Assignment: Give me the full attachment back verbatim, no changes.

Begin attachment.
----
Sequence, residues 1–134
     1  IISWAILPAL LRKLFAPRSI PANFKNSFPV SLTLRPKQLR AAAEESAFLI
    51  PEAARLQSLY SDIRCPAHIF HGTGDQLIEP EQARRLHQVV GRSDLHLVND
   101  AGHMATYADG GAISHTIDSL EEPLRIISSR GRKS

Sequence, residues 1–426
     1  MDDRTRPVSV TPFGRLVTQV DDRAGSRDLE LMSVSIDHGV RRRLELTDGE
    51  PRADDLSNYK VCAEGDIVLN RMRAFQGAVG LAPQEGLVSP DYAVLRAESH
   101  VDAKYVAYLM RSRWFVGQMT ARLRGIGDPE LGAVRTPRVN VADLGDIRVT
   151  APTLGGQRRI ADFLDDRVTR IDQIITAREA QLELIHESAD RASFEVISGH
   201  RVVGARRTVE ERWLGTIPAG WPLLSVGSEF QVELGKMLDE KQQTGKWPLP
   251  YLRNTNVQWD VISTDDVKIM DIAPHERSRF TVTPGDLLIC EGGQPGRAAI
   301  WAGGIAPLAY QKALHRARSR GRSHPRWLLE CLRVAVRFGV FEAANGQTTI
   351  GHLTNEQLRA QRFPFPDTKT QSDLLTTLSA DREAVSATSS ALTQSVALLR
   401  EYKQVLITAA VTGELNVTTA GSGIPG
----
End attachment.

Sequence, residues 1–134
     1  IISWAILPAL LRKLFAPRSI PANFKNSFPV SLTLRPKQLR AAAEESAFLI
    51  PEAARLQSLY SDIRCPAHIF HGTGDQLIEP EQARRLHQVV GRSDLHLVND
   101  AGHMATYADG GAISHTIDSL EEPLRIISSR GRKS

Sequence, residues 1–426
     1  MDDRTRPVSV TPFGRLVTQV DDRAGSRDLE LMSVSIDHGV RRRLELTDGE
    51  PRADDLSNYK VCAEGDIVLN RMRAFQGAVG LAPQEGLVSP DYAVLRAESH
   101  VDAKYVAYLM RSRWFVGQMT ARLRGIGDPE LGAVRTPRVN VADLGDIRVT
   151  APTLGGQRRI ADFLDDRVTR IDQIITAREA QLELIHESAD RASFEVISGH
   201  RVVGARRTVE ERWLGTIPAG WPLLSVGSEF QVELGKMLDE KQQTGKWPLP
   251  YLRNTNVQWD VISTDDVKIM DIAPHERSRF TVTPGDLLIC EGGQPGRAAI
   301  WAGGIAPLAY QKALHRARSR GRSHPRWLLE CLRVAVRFGV FEAANGQTTI
   351  GHLTNEQLRA QRFPFPDTKT QSDLLTTLSA DREAVSATSS ALTQSVALLR
   401  EYKQVLITAA VTGELNVTTA GSGIPG